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Donald Trump Says Town Hall Not Debate Practice

Trump held the uncharacteristic town hall forum three days before he goes head-to-head with Hillary Clinton at the second presidential debate

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    At a town hall in Sandown, New Hampshire, the Republican nominee addressed his supporters and answered some of their questions. (Published Thursday, Oct. 6, 2016)

    Donald Trump took about a dozen questions from supporters at his New Hampshire town hall event Thursday. But the first half of the event was more of a speech, where he started by highlighting the latest polls that show him leading Hillary Clinton.

    Trump held the uncharacteristic town hall forum three days before he goes head-to-head with Hillary Clinton at the second presidential debate, which will take a similar format. But don't suggest to Trump that this was in any way a warm-up act.

    "Even today, they said 'Donald Trump is going to New Hampshire to practice for Sunday.' This has nothing to do with Sunday. And it's like they make you into, like, a child," Trump said. "I love the people of New Hampshire. This was set up a little while ago, they were going to cancel it, and I said 'why are you going to cancel it?' 'Well, you want to debate prep.' I said 'Forget debate prep.' I mean, give me a break. Do you really think that Hillary Clinton is debate prepping for three or four days? Hillary Clinton is resting. OK? She's resting. She wants to build up her energy for Sunday night. And you know what? That's fine. But the narrative is so foolish. I'm here for one reason. I love the people of New Hampshire."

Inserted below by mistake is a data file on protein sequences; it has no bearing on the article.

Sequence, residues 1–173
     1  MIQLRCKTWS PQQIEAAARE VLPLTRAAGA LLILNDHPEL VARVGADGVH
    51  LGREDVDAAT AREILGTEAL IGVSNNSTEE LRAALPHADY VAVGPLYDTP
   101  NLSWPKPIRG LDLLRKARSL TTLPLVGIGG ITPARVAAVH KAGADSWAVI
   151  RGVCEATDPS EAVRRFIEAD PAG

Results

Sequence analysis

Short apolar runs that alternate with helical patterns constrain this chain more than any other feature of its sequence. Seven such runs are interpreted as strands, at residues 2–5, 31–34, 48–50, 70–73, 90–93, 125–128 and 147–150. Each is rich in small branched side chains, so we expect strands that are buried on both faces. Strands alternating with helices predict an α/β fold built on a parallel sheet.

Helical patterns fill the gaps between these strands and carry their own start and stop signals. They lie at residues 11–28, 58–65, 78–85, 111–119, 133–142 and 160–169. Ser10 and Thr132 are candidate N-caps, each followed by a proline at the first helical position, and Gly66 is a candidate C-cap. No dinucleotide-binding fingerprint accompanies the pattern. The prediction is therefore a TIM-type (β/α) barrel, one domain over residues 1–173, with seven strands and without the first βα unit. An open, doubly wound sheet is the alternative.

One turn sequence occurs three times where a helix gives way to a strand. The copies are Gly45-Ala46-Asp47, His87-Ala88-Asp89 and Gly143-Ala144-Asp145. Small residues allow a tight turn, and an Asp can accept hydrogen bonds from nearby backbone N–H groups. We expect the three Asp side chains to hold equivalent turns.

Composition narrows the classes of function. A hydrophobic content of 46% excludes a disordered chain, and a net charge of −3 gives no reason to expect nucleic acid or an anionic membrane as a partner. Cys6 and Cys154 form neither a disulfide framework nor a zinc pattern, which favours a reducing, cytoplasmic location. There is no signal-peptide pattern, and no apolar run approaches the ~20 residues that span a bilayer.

Trump was asked by his supporters to name Obama's foreign-policy failures, what he would say to Hispanics deceived by Obama and if he planned to be tougher on Clinton in the next debate.

    "I did hold back," Trump said of the first debate. "I thought it was just inappropriate to say what I was really thinking I would say and I held back ... I'd much rather have it be on policy, and I didn't like getting into the into the gutter."

    Trump's fired campaign manager Corey Lewandowski, a New Hampshire native, was at the event, as was trusted adviser and New Jersey Gov. Chris Christie, said to be a key figure in helping Trump to master the "art of the town hall."